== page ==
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Torn Open


Isaiah 64:1-9

O that you would tear open the heavens and come down, so that the mountains would quake at your presence— as when fire kindles brushwood and the fire causes water to boil— to make your name known to your adversaries, so that the nations might tremble at your presence! When you did awesome deeds that we did not expect, you came down, the mountains quaked at your presence. From ages past no one has heard, no ear has perceived, no eye has seen any God besides you, who works for those who wait for him. You meet those who gladly do right, those who remember you in your ways. But you were angry, and we sinned; because you hid yourself we transgressed. We have all become like one who is unclean, and all our righteous deeds are like a filthy cloth. We all fade like a leaf, and our iniquities, like the wind, take us away. There is no one who calls on your name, or attempts to take hold of you; for you have hidden your face from us, and have delivered us into the hand of our iniquity. Yet, O Lord, you are our Father; we are the clay, and you are our potter; we are all the work of your hand. Do not be exceedingly angry, O Lord, and do not remember iniquity for ever. Now consider, we are all your people.

So I have to say, I was really fascinated with the passage from Isaiah this week. There was just something about that imagery of God arriving on the scene to respond to the cries of a suffering people by literally tearing open the heavens. And then…mountains, trembling. Oceans and rivers, boiling. Enemies scattering in all directions. It’s all so dramatic, so urgent, even— dare I say— apocalyptic.

“O that you would tear open the heavens and come down.”

This is not a mundane, lukewarm sort of prayer. Isaiah is not just praying for God’s presence in a tough spot. He’s not just asking God to help out a bit. The prophet is asking for nothing less than for the very boundary between heaven and earth to be torn apart. If that’s not apocalyptic, I don’t know what is.

As it turns out, this passage from Isaiah is just one of many passages that come up every Advent season with more than a little bit of that world ending, apocalyptic senses of urgency about it. Now I decided not to preach on the Gospel of Mark today, but if I had, this is just a little taste of what you would have heard— “But in those days,” the gospel writer proclaims, “the sun will be darkened, and the moon will not give its light. The stars will be falling from heaven, and the powers in the heavens will be shaken.” Like I said, world ending, apocalyptic kind of stuff.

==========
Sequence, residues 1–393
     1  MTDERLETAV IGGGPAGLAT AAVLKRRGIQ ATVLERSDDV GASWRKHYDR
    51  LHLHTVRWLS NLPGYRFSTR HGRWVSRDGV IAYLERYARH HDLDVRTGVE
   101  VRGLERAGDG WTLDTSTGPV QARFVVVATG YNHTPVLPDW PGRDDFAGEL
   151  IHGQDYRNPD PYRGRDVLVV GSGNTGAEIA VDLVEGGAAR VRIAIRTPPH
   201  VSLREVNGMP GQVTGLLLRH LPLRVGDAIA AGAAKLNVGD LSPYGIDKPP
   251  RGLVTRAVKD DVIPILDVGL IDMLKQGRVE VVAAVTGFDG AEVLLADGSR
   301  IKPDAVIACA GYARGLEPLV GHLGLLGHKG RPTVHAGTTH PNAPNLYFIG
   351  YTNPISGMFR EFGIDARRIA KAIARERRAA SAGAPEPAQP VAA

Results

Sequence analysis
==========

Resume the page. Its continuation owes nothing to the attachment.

And why not? These people— both the prophet Isaiah and the writer of Mark’s gospel— were living in pretty desperate times. Though centuries apart, each of them was dealing with different forms of corruption, oppression, violence, and overall chaos in the world around them. And maybe it seems strange, or even unimaginable to us, that anyone could be so desperate for change that they would literally want the very world around them to end. That may not seem very hopeful to us. But you know, for the poorest of the poor in this world, for those who feel trapped in endless cycles of violence or poverty or oppression, sometimes, the end of the world as we know it is quite literally the only way to imagine that things could ever change.

“O that you would tear open the heavens and come down.”

So for all of these reasons, these words just kind of grabbed a hold of me this week and would not let go. I couldn’t stop thinking about them. Maybe it’s because I felt like I could sort of relate. After all, these days, the level of corruption in the halls of power seems so entrenched. The disparity between the rich and the poor is so persistent, and grows harder and harder to reverse with each passing year. The prejudices of the human heart feel so deeply and unalterably ingrained. Thousands of years of warfare have led us not to a greater desire for peace, but only to more technologically advanced methods of destroying one other.

And so, yes, I will admit that sometimes, it feels to me like the only way to solve some of the truly overwhelming problems of our world would be for God to tear open the heavens and hit some kind of divine reset button, so we could just start this whole human civilization experiment all over again from the beginning. Surely I’m not the only one who can relate to Isaiah’s desperate, apocalyptic prayer, “O that you would tear open the heavens and come down.” Sure, maybe we could all do without the boiling oceans, but the sentiment remains attractive, does it not? God comes down from heaven and puts all the big baddies in their place once and for all. Maybe then we would stand a fighting chance to finally get things right. Maybe.